There were 103,692 diarrhea deaths in the EMR in 2015 (95% uncertainty interval (UI): 87,018–124,692), and the mortality rate was 16.0 deaths per 100,000 persons (95% UI: 13.4–19.2). The majority of these deaths occurred in children under 5 years old (63.3%) (65,670 deaths, 95% UI: 53,640–79,486). Although the greatest number of diarrhea deaths occurred in children under 5, diarrhea mortality was also high in the 70+ year age group. In fact, of the 22 countries in the EMR, the mortality rate was higher in the 70+ age group than the under-5 age group in 17 countries. Diarrhea mortality in the elderly was highest in Somalia (1695 per 100,000, 95% UI: 709–2896), followed by Djibouti and Pakistan (Table 1). Diarrhea mortality decreased over time in the EMR (Table 2; Fig. 1). Between 1990 and 2015, the number of diarrhea deaths decreased by 54% among all ages (95% UI: 43–62%) and 65% among children under 5 (95% UI: 55–73%). The fastest rate of decrease among children under 5 occurred in Iran (97%, 95% UI: 93–99%) and Syria (97%, 95% UI: 94–99%) and the slowest occurred in Somalia (11%, 95% UI: −40 to 45%) and Qatar (33%, 95% UI: −65 to 72%).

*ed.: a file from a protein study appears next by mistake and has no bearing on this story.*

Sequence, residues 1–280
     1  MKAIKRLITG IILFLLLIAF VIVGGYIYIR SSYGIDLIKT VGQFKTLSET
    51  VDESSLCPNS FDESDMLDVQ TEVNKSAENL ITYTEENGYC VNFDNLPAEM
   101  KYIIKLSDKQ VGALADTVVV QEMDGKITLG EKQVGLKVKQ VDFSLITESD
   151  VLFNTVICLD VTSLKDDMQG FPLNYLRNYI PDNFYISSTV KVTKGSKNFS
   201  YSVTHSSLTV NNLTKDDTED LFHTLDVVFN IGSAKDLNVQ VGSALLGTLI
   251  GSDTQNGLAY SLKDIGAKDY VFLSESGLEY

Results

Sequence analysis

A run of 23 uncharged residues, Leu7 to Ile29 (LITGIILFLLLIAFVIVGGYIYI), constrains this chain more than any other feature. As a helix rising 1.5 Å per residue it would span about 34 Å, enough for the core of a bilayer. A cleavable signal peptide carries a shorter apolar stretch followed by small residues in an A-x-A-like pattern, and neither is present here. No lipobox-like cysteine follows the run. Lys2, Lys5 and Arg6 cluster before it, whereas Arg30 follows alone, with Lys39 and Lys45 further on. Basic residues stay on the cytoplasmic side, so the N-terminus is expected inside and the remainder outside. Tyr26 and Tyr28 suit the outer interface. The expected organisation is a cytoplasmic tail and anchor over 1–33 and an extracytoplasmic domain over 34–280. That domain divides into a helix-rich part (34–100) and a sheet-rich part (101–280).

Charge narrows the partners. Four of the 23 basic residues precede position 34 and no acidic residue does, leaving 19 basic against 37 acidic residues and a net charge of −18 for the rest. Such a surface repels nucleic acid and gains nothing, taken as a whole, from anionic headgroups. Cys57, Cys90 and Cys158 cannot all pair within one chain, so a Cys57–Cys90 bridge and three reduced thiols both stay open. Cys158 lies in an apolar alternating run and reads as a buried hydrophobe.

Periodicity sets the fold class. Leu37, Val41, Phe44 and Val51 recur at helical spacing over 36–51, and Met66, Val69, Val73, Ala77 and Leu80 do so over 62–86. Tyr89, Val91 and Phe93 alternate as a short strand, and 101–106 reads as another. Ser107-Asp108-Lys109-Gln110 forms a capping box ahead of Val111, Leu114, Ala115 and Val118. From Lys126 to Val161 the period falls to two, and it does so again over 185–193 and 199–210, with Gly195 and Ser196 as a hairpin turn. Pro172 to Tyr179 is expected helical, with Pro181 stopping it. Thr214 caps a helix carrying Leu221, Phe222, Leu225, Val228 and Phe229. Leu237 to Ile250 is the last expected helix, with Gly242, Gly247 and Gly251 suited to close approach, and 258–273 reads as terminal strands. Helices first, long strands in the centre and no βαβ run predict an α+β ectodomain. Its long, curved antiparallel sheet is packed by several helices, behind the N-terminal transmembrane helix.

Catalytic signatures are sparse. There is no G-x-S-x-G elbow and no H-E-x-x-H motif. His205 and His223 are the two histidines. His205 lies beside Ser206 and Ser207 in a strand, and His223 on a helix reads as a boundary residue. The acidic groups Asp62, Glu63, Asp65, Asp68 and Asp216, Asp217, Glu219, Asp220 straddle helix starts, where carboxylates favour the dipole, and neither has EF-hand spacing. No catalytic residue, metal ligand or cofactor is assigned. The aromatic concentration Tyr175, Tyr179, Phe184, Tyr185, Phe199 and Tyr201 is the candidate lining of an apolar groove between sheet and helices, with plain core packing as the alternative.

Table 1

The number of diarrhea deaths and mortality rate (per 100,000) in 2015 in the Eastern Mediterranean Region for each age group and sex (Global Burden of Disease 2015 study, Eastern Mediterranean Region, 2015)

Age

Sex

Deaths

Rate

All ages

Both

103,691.7 (87,018.3–124,692.2)

15.99 (13.42–19.23)

All ages

Female

50,679.8 (40,407.1–63,194.3)

16.14 (12.87–20.12)

All ages

Male

53,011.9 (42,617.5–65,304.5)

15.86 (12.75–19.53)

Under 5

Both

65,670.3 (53,639.7–79,485.9)

81.82 (66.83–99.04)

Under 5

Female

34,729.4 (26,435.3–45,011.1)

89.09 (67.81–115.46)

Under 5

Male

30,940.9 (23,892.9–39,342.5)

74.96 (57.89–95.32)

5–14 years

Both

4986.1 (3724.4–6501.8)

3.67 (2.74–4.78)

5–14 years

Female

2540.1 (1839.4–3414.2)

3.84 (2.78–5.16)

5–14 years

Male

2446 (1623.7–3486.2)

3.5 (2.32–4.99)